Lü Ju Biography [ZZTJ Compilation]

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Lü Ju Biography [ZZTJ Compilation]

Unread postby capnnerefir » Tue Apr 16, 2013 8:00 pm

I needed to take a break from the fellows in late Wei before my head exploded, so I decided to give a round of applause to some dude from Quan-land.

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Lü Ju (Shiyi)

Lü Ju was the second son of Lü Fan, one of the generals who built the state of Wu.[1]

When Lü Fan fell ill in 228, Lü Ju was made Colonel Who Comforts the Army [fujun xiaowei]. After his father’s death in that same year, Lü Ju was further promoted to General of the Gentlemen of the Household Who Tranquilizes the Army [anwei zhonglang jiang]. During this time, he led frequent expeditions against the tribes who lived in the area around the Yue mountains, achieving success each time.[2]

The Man tribes of Wuqi in Wuling had been in revolt against Sun Quan for some time, and by 230, Sun Quan became sufficiently concerned to send an expedition against them.[3] Lu Ju participated in the subsequent campaign, in which he achieved great success.[4] The Master of Ceremonies [taichang] Pan Jun and the General Who Guards the South [zhennan jiangjun] Lü Tai led an army of 50,000 against the Man tribes in 231.[5] The campaign lasted until the end of 234 , when the region was pacified.[6]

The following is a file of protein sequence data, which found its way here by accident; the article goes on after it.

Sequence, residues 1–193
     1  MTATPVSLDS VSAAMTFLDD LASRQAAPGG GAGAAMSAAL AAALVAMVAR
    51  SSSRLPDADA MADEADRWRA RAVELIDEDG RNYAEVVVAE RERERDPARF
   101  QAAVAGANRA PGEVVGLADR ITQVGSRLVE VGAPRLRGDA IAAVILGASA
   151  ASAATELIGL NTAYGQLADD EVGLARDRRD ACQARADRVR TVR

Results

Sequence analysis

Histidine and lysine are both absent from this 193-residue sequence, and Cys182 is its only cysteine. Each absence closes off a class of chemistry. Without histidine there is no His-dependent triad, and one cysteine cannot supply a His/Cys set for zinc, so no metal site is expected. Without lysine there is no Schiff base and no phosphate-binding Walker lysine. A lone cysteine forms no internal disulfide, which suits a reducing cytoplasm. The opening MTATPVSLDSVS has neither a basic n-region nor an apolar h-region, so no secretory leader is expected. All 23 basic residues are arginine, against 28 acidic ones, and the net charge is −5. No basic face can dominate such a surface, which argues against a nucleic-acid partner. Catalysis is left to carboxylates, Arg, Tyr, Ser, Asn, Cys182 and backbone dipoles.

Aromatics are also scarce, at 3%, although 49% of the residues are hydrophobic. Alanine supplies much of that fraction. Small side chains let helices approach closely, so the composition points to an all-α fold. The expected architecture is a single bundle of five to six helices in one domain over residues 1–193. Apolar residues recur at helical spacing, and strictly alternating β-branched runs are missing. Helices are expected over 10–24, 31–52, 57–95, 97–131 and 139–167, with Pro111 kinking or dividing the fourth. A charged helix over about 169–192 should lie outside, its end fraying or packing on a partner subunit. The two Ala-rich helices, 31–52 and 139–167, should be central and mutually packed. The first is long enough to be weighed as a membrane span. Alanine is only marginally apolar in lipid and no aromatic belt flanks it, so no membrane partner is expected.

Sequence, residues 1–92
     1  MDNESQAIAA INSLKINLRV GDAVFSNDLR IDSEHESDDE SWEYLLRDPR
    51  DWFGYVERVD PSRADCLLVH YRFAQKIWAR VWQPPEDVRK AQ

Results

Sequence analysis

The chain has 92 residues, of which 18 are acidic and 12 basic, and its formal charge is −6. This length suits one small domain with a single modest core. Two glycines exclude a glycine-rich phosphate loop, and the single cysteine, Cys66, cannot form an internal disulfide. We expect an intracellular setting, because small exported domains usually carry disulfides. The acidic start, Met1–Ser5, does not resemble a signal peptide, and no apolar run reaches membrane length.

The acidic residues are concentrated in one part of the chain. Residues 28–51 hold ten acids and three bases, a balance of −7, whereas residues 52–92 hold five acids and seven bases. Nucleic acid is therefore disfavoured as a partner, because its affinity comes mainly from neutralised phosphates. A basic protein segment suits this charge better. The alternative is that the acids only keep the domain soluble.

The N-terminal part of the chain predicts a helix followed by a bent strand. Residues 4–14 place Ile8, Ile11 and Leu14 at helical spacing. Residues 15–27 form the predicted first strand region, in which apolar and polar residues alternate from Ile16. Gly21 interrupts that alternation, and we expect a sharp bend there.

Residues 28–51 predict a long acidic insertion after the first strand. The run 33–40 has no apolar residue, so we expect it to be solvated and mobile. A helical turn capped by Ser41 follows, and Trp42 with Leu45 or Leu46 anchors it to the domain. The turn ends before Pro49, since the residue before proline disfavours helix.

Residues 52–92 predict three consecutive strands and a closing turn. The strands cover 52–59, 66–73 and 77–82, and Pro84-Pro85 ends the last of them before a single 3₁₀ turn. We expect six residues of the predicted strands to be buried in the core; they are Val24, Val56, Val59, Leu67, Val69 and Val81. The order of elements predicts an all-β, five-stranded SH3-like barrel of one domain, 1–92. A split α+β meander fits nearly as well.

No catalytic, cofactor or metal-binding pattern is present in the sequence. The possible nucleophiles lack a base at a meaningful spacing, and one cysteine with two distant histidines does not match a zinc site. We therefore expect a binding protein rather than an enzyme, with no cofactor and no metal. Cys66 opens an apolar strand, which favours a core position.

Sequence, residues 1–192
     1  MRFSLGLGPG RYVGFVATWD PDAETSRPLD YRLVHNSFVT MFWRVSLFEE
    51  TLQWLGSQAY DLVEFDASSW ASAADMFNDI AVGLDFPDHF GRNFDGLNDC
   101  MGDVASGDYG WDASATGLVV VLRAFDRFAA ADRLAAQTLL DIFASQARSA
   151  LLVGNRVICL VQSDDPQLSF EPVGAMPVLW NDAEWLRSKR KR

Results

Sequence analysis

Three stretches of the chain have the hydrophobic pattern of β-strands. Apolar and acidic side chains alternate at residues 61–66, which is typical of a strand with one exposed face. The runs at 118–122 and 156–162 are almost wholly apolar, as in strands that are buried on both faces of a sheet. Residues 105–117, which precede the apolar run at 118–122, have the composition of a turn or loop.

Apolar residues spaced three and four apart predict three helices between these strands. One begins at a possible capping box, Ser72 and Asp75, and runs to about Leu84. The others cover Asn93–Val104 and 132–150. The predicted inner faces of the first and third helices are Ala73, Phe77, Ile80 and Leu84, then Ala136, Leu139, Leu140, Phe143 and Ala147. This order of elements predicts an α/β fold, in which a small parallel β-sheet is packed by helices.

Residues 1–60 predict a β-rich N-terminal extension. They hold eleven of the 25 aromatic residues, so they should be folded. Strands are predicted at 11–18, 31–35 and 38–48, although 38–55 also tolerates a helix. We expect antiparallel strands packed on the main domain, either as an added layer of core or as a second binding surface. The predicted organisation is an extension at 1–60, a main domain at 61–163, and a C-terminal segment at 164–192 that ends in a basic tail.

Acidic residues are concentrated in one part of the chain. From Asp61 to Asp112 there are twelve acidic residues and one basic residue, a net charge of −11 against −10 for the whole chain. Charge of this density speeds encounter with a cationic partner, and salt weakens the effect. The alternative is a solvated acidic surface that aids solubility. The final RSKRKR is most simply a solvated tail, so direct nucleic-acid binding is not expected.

In summer of 241, Sun Quan launched a major invasion of Wei. He sent Quan Zong to attack Huainan, Zhuge Ke against Liu’an, Zhuge Jin to Zuzhong, and Zhu Ran to besiege Fan.[7] Lü Ju accompanied Zhu Ran on this expedition. Along with Zhu Yi, he attacked the city walls, achieving some success.[8] However, Wei’s great general Sima Yi personally led an army to reinforce Fan. Zhu Ran fled, but Sima Yi caught his army at Sanzhoukou and the Wu forces suffered a heavy defeat. Following this, Zhuge Jin and Zhuge Ke also retreated.[9] Meanwhile, Quan Zong was defeated by Wang Ling and Sun Li in Huainan.[10]

For his efforts in the campaign, Lü Ju was promoted to Lieutenant General [pian jiangjun].[11]